In Atlanta, Freddie Freeman singled home the winning run in the 13th inning, finally ending the longest scoreless duel in postseason history as the Braves defeated Cincinnati in the opener of their NL wild-card series.

NL East champion Atlanta won the first game of a postseason series for the first time since the 2001 NL Division Series and can wrap up the best-of-three series on Thursday. If the Braves do, it will snap a record-tying streak of 10 straight playoff round losses.

What began as a pitching showdown between between Cy Young contenders Trevor Bauer of the Reds and Atlanta’s Max Fried devolved into a strikeout contest.

The teams combined for a postseason record 37 Ks — 21 by the Braves.

After a couple of hits in the 13th against Archie Bradley, Freeman drove one into center field off Amir Garrett against a five-man infield with one out to end a game that dragged on for more than 4½ hours.

A four-time All-Star, Freeman produced another big year in a pandemic-shortened season after a battle with COVID-19 in July so severe that he said he prayed: "Please don’t take me.”

Astros 3, Twins 1

In Minneapolis, Carlos Correa hit a two-out, tiebreaking home run off Cody Stashak in the seventh inning for a two-game sweep that sent the AL Central champion Twins to a record 18th straight postseason loss.

Nine months after Houston’s rules-breaking, sign-stealing system was revealed, the defending AL champion Astros advanced to the Division Series. As the sixth seed, they’ll face Oakland or the Chicago White Sox in a best-of-five matchup starting Monday at Dodger Stadium.

Minnesota is 0-18 in the playoffs since winning Game 1 of their 2004 Division Series at the New York Yankees.

Cardinals 7, Padres 4

In San Diego, Paul Goldschmidt hit a two-run home run during a four-run first inning, St. Louis’ bullpen held strong after starter Kim Kwang-hyun stumbled in his playoff debut and the Cardinals ruined the Padres' long-awaited return to the playoffs in the opener of their NL wild-card series.

The Cardinals need one more win to eliminate San Diego from the postseason for the fourth time since 1996. They swept the Padres in the NL Division Series in 1996 and 2005, and won 3-1 in 2006, which was the last time San Diego made the postseason. Game 2 is Thursday.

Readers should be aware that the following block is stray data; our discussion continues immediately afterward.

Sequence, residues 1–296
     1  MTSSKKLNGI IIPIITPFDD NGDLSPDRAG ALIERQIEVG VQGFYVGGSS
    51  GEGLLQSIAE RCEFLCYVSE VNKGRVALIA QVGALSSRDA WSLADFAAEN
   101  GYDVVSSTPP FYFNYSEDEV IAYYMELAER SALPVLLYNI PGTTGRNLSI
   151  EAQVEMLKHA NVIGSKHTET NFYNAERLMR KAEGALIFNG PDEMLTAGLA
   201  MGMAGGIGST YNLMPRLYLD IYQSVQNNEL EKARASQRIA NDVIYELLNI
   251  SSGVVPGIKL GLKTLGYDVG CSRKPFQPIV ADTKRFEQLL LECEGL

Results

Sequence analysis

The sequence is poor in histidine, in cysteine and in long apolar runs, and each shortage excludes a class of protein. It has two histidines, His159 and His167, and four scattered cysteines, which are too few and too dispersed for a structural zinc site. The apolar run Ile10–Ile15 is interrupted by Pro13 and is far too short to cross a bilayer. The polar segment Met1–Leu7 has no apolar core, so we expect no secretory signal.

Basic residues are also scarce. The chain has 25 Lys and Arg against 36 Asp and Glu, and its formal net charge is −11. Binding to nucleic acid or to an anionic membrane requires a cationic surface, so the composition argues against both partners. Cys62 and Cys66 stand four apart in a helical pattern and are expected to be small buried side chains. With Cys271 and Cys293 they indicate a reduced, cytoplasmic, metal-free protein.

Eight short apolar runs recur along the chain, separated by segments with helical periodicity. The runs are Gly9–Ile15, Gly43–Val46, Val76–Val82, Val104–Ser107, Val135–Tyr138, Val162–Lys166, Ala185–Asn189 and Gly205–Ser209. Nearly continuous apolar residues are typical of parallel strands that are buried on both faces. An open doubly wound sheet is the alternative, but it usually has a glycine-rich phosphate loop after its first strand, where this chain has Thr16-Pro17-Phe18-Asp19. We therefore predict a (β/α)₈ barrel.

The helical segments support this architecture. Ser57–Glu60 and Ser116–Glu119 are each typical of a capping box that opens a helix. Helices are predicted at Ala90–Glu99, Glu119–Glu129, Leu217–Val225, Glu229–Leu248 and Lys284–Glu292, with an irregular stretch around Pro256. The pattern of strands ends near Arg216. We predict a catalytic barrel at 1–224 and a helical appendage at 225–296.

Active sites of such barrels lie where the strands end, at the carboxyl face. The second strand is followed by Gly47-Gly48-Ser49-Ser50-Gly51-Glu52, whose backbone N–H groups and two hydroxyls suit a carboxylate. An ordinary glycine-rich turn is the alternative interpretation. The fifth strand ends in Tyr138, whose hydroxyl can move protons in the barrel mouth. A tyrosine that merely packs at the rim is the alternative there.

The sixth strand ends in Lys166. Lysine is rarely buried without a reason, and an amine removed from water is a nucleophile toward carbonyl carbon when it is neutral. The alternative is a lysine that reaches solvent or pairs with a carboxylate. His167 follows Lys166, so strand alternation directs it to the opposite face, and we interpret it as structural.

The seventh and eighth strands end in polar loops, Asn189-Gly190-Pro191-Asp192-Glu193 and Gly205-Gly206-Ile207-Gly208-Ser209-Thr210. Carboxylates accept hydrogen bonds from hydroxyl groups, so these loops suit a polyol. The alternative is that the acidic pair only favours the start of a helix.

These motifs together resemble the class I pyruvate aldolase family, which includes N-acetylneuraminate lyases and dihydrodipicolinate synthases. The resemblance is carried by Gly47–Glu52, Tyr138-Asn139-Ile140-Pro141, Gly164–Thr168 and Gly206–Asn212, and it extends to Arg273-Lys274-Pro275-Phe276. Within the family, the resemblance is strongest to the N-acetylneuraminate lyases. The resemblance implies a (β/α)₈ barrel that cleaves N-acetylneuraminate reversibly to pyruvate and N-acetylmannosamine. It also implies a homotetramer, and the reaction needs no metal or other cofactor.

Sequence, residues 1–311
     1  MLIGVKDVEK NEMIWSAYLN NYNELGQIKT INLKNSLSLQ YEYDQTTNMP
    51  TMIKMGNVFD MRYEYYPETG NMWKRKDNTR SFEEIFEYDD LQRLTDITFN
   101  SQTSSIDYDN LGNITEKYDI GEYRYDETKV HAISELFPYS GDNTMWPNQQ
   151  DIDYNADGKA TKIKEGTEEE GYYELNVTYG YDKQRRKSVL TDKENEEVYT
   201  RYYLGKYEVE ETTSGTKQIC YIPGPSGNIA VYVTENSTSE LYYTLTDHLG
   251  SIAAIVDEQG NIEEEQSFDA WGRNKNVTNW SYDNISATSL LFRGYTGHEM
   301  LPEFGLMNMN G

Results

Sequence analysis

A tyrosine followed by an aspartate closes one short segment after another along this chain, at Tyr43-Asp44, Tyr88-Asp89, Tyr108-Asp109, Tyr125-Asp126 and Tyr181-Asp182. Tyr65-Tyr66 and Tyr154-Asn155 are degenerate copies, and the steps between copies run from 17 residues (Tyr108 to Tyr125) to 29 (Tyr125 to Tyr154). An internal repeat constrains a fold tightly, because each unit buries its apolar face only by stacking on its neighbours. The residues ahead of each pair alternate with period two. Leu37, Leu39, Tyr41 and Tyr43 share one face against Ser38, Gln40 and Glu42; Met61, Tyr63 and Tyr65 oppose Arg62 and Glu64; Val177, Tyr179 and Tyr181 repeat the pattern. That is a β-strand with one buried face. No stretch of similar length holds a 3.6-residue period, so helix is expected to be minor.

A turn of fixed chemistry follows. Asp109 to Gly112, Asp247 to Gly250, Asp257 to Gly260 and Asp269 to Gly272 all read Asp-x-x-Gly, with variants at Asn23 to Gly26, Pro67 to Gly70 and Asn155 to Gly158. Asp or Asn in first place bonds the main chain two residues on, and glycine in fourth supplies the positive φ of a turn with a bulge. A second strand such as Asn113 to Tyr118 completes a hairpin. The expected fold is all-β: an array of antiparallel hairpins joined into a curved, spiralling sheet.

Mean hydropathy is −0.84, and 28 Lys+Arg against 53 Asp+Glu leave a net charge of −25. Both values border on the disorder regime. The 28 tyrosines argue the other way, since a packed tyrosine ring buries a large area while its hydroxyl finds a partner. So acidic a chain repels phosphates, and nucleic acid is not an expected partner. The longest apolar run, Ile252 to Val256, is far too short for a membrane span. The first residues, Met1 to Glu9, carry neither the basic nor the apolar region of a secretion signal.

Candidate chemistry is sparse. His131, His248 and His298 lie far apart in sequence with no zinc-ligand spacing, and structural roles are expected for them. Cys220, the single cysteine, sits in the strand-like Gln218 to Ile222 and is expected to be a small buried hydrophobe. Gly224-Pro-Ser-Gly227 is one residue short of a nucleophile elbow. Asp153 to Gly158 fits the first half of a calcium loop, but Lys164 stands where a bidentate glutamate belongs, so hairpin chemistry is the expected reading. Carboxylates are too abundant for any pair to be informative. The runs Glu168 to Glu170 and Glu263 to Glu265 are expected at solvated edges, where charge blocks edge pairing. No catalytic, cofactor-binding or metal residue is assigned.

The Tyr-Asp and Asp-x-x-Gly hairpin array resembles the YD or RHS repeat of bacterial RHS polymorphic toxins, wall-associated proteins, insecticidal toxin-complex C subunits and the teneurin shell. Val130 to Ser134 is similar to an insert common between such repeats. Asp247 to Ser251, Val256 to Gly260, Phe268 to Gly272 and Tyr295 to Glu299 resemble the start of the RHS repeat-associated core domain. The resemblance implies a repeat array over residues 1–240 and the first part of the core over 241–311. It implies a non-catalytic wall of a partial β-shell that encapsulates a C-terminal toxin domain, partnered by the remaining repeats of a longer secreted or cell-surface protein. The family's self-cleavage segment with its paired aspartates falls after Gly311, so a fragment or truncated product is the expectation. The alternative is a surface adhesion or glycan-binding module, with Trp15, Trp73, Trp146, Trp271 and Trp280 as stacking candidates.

Rays 8, Blue Jays 2

In St. Petersburg, Florida, Hunter Renfroe hit a grand slam and the top-seeded Rays completed a two-game sweep to win a postseason series for the first time in 12 years. AL East champion Tampa Bay advanced to an AL Division Series against the New York Yankees on Monday in San Diego.

Renfroe launched the first playoff grand slam in franchise history during a six-run second inning off Ryu Hyun-jin that also included a two-run homer by No. 9 hitter Mike Zunino. Ryu was rocked for a season-high seven runs in 1 ⅔ innings, the lefty’s shortest outing of the season for the wild-card Blue Jays.

Athletics 5, White Sox 3

In Oakland, Marcus Semien and Khris Davis homered early off Dallas Keuchel, and Mark Canha made a game-saving catch against the wall as the A's tied the series 1-1 and forced a deciding Game 3 on Thursday,

Chris Bassitt allowed one run and six hits in seven-plus innings to help the Athletics stop a six-game postseason losing streak dating to 2013.

Dodgers 4, Brewers 2

In Los Angeles, Mookie Betts had two hits and an RBI, Corey Seager homered and the Dodgers beat Milwaukee in the opener of their NL wild-card series.

The eight-time NL West champion Dodgers capitalized early in a bullpen game for the Brewers and can wrap up the best-of-three series on Thursday. Milwaukee — a playoff entrant despite a losing record — limped into the postseason as the No. 8 seed without its best starter and reliever, who are hurt.

Jake Diekman walked home a run in the ninth, then retired Jose Abreu on a sharp grounder for the final out.

Marlins 5, Cubs 1

In Chicago, Corey Dickerson hit a three-run homer off a fading Kyle Hendricks in the seventh inning, and Miami beat the Cubs in Game 1 of their NL wild-card series.

Jesus Aguilar also homered and Sandy Alcantara pitched three-hit ball into the seventh as the Marlins conjured up memories of past playoff magic in the franchise’s first postseason game since it won the World Series in 2003. The Marlins, who rallied past the Cubs in a memorable NLCS that year, have never lost a playoff series.

Game 2 of the best-of-three series is Thursday.

Yu Darvish starts for the NL Central champion Cubs, while rookie right-hander Sixto Sanchez pitches for upstart Miami, which is looking to make an unexpected division series trip in the same season that roughly half the roster was sidelined by COVID-19.